This is the second open-registration ZR tournament for all high school students and educators in the US and its territories. EU schools will be participating in a joint tournament hosted by the European Space Agency.

The official rules are listed here with more details about the tournament in the section below

Official Rules

The SPHERES Challenges are "Zero Robotics" tournaments that are held every Fall to open the world-class research facilities on the International Space Station (ISS) to high school students. Students will actually write programs at their High School that may control a satellite in space! The goal is to build critical engineering skills for students, such as problem solving, design thought process, operations training, and team work. Ultimately we hope to inspire future scientists and engineers so that they will view working in space as "normal", and will grow up pushing the limits of engineering and space exploration.

The participants compete to win a technically challenging game by programming their strategies into the SPHERES satellites. The game is motivated by a challenging problem of interest to DARPA, NASA and MIT. The programs are "autonomous" - that is, the students cannot control the satellites during the test itself. The tournament progresses in phases from 2D to 3D, gradually increasing in difficulty. Astronauts run the final robotics competition on the ISS, act as referees, and interact with participating students via a live video broadcast in a large event at MIT, webcast live to all participants so that remote viewing is possible.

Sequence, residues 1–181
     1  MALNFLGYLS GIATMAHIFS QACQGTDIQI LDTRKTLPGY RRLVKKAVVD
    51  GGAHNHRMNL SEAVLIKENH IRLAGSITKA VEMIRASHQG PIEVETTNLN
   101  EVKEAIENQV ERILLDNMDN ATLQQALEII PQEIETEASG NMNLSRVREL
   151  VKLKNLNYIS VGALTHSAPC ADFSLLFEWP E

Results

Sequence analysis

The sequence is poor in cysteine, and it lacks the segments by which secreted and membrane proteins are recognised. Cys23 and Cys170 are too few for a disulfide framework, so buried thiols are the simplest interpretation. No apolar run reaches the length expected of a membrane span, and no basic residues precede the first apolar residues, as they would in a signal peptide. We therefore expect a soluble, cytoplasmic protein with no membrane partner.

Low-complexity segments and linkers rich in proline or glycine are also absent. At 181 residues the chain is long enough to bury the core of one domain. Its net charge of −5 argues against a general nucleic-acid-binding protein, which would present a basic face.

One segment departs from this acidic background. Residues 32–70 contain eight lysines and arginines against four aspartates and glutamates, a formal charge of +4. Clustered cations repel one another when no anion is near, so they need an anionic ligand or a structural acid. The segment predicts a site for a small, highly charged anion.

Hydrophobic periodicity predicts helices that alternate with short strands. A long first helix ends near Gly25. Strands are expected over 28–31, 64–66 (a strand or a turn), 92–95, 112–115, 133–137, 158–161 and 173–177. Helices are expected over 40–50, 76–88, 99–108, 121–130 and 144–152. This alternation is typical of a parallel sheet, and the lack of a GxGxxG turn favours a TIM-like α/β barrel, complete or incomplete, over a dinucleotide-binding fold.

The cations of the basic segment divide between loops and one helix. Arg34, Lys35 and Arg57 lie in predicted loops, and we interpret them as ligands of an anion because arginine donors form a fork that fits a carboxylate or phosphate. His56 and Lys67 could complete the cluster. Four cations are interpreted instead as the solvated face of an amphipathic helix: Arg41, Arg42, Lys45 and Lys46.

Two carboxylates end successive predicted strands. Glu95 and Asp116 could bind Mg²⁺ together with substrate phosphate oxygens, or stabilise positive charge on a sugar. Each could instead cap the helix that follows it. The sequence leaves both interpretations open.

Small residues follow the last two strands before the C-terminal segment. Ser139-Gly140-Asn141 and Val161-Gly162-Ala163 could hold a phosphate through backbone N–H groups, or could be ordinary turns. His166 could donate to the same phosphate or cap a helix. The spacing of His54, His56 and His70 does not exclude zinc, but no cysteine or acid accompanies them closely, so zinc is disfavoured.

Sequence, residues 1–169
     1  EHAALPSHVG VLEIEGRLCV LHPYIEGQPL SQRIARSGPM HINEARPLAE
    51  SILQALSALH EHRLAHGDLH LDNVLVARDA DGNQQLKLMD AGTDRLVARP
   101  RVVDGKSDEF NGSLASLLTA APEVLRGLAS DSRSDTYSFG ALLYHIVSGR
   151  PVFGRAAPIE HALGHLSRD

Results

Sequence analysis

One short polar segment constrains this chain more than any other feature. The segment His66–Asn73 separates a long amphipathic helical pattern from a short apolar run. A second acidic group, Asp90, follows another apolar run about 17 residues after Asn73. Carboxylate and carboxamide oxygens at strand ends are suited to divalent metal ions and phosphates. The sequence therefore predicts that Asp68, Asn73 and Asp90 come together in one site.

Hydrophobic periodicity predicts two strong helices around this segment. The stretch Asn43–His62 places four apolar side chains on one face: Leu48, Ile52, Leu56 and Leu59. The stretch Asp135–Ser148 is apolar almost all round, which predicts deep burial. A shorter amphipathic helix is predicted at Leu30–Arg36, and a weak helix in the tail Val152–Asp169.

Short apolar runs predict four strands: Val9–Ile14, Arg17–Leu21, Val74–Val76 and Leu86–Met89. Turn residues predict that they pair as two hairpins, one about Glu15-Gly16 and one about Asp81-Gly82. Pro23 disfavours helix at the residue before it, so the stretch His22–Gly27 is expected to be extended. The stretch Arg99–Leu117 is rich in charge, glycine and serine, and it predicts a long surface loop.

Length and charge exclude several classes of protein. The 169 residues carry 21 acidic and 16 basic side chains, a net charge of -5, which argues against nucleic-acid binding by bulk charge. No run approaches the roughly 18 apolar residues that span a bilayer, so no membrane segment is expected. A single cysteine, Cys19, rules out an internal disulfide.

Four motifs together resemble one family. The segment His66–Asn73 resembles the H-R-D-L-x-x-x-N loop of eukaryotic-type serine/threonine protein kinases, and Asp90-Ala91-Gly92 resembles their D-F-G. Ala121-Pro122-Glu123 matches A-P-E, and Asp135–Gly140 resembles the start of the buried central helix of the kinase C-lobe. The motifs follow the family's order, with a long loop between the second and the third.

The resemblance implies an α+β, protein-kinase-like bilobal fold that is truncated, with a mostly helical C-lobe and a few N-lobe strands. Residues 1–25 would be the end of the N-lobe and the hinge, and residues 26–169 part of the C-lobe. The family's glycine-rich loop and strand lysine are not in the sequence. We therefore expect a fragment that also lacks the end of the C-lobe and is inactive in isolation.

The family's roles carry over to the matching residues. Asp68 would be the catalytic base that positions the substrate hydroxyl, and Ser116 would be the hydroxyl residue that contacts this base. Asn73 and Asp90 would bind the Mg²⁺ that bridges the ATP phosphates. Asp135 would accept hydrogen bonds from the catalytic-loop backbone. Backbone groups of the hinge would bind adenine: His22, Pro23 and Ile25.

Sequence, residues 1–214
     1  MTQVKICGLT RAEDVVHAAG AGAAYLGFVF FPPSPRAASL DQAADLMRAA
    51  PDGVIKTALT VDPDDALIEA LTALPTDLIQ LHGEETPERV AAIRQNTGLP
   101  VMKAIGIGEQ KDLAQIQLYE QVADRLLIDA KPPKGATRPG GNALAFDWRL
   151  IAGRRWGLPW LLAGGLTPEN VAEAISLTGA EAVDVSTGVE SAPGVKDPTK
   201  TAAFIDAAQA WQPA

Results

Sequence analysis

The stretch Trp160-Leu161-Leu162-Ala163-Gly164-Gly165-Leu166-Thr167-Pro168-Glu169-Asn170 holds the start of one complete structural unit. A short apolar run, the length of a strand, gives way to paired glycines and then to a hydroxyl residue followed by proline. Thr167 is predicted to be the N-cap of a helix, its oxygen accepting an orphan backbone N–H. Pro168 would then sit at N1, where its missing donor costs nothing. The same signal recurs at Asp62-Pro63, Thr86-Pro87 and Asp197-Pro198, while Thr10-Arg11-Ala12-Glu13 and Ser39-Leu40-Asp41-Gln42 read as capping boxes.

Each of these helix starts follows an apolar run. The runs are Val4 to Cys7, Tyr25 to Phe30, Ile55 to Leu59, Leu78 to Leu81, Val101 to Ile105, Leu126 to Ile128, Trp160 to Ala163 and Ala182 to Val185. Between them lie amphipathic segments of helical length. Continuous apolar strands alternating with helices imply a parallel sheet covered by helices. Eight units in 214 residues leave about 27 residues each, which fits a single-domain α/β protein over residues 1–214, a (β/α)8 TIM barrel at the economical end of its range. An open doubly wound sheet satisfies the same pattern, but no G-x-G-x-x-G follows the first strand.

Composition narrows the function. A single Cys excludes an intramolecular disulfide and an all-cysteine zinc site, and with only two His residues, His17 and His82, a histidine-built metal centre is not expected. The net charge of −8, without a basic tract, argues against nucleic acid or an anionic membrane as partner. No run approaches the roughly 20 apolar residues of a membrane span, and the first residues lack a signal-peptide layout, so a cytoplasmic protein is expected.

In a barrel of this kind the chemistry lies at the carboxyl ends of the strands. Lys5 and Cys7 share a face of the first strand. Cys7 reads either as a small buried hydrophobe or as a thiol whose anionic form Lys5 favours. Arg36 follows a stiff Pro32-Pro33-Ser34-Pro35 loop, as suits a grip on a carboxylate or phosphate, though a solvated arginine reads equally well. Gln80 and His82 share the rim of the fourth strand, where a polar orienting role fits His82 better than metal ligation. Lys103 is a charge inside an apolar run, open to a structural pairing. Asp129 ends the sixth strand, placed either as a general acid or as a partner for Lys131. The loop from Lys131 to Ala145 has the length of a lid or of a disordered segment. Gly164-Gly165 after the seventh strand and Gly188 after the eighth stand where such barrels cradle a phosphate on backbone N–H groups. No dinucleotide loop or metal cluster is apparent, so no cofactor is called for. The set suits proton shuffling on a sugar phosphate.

Student teams can create, edit, save and simulate projects online. They may use a graphical block diagram editor or a C editor to write code, then simulate their program immediately and see the results in a flash animation. MIT provides the simulation and C programming interfaces via the Zero Robotics website--no special software is required. The simulation also enables teams to compete against themselves, against pre-coded standard players and challenge other teams informally; students have ample opportunities to test different versions of their strategies before submitting their code for a formal competition. All submissions to challenge others and to the competition are via the website. Students also have access to online tutorials and an MIT technical support system.